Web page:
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County officials say they ‘have not seen’ coordination in Forest Plan Revision

Idaho County Courthouse

Photo by David Rauzi
Idaho County Courthouse

Idaho County Commission chairman Skip Brandt has been the board’s ambassador to the Forest Service, having attended more than 20 meetings during the past year on topics related to the ongoing Forest Plan Revision – a process that also involves evaluation of potential for new wilderness and Wild & Scenic River designations. Lately – participating in this month’s open comment period before Forest Plan Revision alternatives are announced – the board has sent Nez Perce-Clearwater National Forests supervisor Cheryl Probert several letters.

Brandt said he hopes these letters make more of an impact on the ultimate outcome than the county has seen its input make in past processes.

“The Forest Service process is focused on people who know the process,” Brandt said. “It’s not very friendly for Joe Blow Public.”

But Brandt said he has been seeing people becoming better organized – including at high-turnout meetings earlier this year, in Orofino, in Missoula and during Probert’s visit to the Idaho County Commission last month.

“A two-day workshop in Orofino was very well-attended, by locals and by folks other than the environmental industry,” Brandt said. “There’s a new element showing up: mountain bikers who want to ride their bikes in the wilderness.”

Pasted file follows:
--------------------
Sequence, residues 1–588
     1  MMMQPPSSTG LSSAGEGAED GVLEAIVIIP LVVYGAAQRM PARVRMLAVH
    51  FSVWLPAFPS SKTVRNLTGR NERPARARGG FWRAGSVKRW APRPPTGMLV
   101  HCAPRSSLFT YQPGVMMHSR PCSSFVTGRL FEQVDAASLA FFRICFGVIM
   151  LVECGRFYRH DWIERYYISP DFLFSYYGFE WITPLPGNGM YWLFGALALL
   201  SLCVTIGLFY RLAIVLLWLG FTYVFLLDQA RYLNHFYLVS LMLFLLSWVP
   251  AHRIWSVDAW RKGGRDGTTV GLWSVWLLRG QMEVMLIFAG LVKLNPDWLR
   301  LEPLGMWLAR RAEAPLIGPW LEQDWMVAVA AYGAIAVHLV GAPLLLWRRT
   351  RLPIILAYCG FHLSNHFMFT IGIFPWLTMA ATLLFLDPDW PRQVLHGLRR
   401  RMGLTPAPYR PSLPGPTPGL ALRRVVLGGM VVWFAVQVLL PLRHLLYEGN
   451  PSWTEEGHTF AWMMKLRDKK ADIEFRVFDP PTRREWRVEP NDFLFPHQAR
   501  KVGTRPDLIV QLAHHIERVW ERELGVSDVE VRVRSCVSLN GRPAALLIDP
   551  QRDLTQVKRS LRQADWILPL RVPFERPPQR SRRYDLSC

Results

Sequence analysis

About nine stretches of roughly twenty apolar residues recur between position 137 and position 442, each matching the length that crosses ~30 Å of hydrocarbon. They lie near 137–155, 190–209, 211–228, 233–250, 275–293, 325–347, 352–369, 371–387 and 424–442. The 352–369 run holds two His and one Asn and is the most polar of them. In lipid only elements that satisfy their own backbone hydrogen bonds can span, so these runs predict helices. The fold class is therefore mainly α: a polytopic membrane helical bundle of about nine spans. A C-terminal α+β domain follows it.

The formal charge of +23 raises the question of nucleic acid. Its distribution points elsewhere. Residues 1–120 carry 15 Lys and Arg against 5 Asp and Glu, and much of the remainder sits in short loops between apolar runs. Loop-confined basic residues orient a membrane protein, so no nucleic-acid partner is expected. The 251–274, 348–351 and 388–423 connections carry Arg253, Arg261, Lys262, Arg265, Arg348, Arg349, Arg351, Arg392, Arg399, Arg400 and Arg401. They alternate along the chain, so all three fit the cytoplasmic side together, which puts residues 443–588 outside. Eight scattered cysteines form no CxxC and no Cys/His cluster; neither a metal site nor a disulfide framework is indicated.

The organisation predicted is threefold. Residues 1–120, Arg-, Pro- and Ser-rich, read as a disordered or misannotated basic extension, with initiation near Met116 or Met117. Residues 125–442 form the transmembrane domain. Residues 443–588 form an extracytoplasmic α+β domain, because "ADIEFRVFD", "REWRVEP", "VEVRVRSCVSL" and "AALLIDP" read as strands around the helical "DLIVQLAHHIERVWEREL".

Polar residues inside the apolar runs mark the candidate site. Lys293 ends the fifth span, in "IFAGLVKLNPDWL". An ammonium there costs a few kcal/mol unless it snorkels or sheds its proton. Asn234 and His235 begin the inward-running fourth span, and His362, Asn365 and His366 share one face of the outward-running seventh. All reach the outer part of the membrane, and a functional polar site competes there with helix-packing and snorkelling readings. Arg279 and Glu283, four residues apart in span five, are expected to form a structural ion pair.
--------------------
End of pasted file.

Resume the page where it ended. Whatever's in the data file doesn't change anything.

The mountain bikers may be the most recent group Brandt has seen showing up, but they aren’t the only ones organizing around the Forest Plan Revision.

After the Clearwater Travel Plan was announced, Idaho County and Clearwater County went together as plaintiffs and sued the Forest Service over it. In a ruling last June, the judge ruled the counties had not shown the standing to sue, and found the Clearwater Travel Plan decision violated no law – a result that, Brandt said, has snowmobilers showing up at the meetings.

“When they had the workshop over in Missoula [Jan. 18], snowmobilers really came out, where in the past, they were looking at it – but they hadn’t been kicked out of the Great Burn yet,” Brandt said. “Two years ago, the travel plan kicked them out of the area they’d been snowmobiling. So they showed up in force.”

In his order last June regarding the counties’ Clearwater Travel Plan lawsuit, Judge Edward J. Lodge found the Forest Service’s interpretation of the current Forest Plan reasonable. In his order, Lodge noted the counties’ complaint included allegations that the Forest Service “failed to coordinate with the counties and failed to provide the counties with the requisite notice and opportunity to participate in the process.”

In that ruling, Lodge also wrote the Forest Service had “adequately satisfied any requirement that it coordinate with the counties in this case.”

But if the county’s comment letters are any indication, the board is bracing for another fight over coordination – this time, over what if any place the county’s 2016 natural resource plan has in the Forest Service’s process.

So far in February 2018, Idaho County has sent in three comment letters, parts of which highlight what the commissioners see as problems with the plan revision process.